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For any two integers $2 \le k \le n-2$, there is the identity $$\dbinom{n}{2} = \dbinom{k}{2} + k(n-k) + \dbinom{n-k}{2}.$$

a) Give an algebraic proof of this identity, writing the binomial coefficients in terms of factorials and simplifying.

b) Give a combinatorial proof (and interpretation) of this identity.

For part a, I turned the combinations into factorials and tried to get the RHS equal to the LFS, which is $\frac{n!}{2!(n-2)!}$. However, I got stuck on the third step with all the $k$'s and $(n-k)!$'s.

For part b, I got as far as saying you choose 2 kids out of n kids to receive candy on the LHS. I see the $k$ and $n-k$ in a way accounts for each other on the right but I cannot explain this in words.

I am fairly new to mathematical proofs and any help is appreciated. Thanks!

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HINT: For (a), you have

$$\binom{k}2+k(n-k)+\binom{n-k}2=\frac{k!}{2!(k-2)!}+k(n-k)+\frac{(n-k)!}{2!(n-k-2)!}\;.$$

Start by doing a lot of cancellation:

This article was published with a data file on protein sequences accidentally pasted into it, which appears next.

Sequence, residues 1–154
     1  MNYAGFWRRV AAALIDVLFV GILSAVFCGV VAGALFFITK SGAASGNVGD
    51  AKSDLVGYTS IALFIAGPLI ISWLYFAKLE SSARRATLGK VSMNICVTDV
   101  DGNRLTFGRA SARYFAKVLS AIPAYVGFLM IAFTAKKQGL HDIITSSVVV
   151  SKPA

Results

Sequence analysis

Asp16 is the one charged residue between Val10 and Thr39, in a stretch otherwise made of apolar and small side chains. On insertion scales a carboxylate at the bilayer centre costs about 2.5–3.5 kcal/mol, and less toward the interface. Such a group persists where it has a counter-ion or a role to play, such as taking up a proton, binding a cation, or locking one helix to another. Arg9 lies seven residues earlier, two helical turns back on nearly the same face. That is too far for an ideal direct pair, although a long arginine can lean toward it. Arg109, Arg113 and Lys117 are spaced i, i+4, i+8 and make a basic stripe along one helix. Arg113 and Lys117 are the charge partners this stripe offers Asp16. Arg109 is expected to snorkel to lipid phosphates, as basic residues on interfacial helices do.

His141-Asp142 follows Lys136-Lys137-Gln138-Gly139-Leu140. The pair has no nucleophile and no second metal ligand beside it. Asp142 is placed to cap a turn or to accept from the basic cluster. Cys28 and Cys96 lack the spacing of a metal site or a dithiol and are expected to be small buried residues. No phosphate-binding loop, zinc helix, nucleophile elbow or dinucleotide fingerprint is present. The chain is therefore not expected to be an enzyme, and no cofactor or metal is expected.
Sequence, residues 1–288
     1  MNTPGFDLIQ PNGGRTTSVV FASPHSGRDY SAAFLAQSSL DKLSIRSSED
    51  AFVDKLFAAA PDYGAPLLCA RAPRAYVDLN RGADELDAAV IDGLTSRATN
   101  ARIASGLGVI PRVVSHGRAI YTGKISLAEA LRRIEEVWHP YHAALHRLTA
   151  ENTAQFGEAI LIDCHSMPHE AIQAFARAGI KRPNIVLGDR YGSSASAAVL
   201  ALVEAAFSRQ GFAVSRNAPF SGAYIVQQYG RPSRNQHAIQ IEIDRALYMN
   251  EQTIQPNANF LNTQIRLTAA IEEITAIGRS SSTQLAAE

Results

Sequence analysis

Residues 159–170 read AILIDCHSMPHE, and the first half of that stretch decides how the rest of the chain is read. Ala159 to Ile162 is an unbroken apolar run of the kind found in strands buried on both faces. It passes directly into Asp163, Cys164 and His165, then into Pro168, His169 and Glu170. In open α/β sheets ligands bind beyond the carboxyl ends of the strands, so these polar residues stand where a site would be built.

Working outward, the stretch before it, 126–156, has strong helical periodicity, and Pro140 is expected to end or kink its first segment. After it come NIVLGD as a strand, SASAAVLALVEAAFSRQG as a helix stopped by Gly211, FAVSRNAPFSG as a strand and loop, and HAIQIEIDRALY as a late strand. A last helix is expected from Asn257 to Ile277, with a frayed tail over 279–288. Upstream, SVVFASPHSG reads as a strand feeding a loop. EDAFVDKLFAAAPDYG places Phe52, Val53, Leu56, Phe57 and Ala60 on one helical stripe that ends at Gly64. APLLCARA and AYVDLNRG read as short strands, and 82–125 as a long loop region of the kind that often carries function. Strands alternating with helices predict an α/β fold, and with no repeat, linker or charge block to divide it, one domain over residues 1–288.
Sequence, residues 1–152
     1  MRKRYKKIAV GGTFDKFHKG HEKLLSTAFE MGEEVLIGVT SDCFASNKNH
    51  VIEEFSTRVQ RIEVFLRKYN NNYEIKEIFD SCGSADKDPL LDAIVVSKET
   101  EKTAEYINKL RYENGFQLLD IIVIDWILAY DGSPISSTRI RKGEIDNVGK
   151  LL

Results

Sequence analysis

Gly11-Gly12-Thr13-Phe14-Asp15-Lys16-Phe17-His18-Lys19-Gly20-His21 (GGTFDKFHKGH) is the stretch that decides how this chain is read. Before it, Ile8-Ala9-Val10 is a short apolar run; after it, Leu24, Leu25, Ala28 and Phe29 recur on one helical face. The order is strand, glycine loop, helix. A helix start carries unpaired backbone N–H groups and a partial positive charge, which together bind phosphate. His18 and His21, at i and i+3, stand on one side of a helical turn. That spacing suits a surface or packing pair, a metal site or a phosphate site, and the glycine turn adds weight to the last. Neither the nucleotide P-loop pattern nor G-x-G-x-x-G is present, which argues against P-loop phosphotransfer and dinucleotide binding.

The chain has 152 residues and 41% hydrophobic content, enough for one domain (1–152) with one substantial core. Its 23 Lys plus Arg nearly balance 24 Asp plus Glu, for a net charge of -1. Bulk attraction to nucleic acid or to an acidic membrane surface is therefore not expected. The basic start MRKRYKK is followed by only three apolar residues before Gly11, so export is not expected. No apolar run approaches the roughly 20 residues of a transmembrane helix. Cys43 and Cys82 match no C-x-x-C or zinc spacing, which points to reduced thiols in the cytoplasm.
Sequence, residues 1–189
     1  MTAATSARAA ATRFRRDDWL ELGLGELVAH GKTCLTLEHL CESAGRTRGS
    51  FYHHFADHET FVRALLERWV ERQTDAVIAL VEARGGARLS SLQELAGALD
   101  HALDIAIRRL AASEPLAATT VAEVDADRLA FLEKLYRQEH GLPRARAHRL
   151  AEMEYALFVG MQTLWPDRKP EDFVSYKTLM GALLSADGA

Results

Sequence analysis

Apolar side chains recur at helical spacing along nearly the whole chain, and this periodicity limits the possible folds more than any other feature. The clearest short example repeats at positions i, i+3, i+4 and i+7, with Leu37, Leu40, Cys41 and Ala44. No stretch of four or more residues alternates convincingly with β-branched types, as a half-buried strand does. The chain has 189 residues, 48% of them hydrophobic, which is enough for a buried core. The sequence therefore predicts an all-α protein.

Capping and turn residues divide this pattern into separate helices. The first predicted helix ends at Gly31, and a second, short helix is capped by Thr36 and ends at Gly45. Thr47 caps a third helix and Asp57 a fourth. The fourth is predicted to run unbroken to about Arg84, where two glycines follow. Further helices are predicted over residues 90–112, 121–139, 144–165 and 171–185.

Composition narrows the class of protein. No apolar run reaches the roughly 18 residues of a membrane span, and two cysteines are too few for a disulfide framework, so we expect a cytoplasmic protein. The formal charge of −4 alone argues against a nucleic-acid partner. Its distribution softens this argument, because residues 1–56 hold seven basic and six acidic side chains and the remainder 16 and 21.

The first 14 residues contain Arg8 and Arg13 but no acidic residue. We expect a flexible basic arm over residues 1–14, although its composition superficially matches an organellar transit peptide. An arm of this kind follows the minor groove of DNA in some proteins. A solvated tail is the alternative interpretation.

$$\begin{align*} \frac{n!}{(n-2)!}&=n(n-1)\\ \frac{k!}{(k-2)!}&=k(k-1)\;,\text{ and }\\ \frac{(n-k)!}{(n-k-2)!}&=(n-k)(n-k-1)\;. \end{align*}$$

Once you’ve done that, the algebra becomes very straightforward.

For (b), suppose that there are $k$ boys and $n-k$ girls. Then $\binom{k}2$ is the number of ways to choose two boys, $\binom{n-k}2$ is the number of ways to choose two girls, and $k(n-k)$ is the number of ways to choose ... what?

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Part (a) is straightforward: \begin{align*} \dbinom{k}{2} + k(n-k) + \dbinom{n-k}{2} &= \frac{k!}{(k-2)!2!} + k(n-k) + \frac{(n-k)!}{2!(n-k-2)!} \\ &= \frac{k(k-1)}{2} + k(n-k) + \frac{(n-k)(n-k-1)}{2} \\ &= \frac{k^2-k+2nk-2k^2 + n^2 - 2nk - n + k^2 + k}{2} \\ &= \frac{n(n-1)}{2} = \dbinom{n}{2}. \end{align*}

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Part (b) is also straightforward. The LHS measures how many ways there are to choose 2 balls from n. This is the same as counting the ways to choose 2 from the first k, or 2 from the last n-k, or one in the first k and one in the last n-k.

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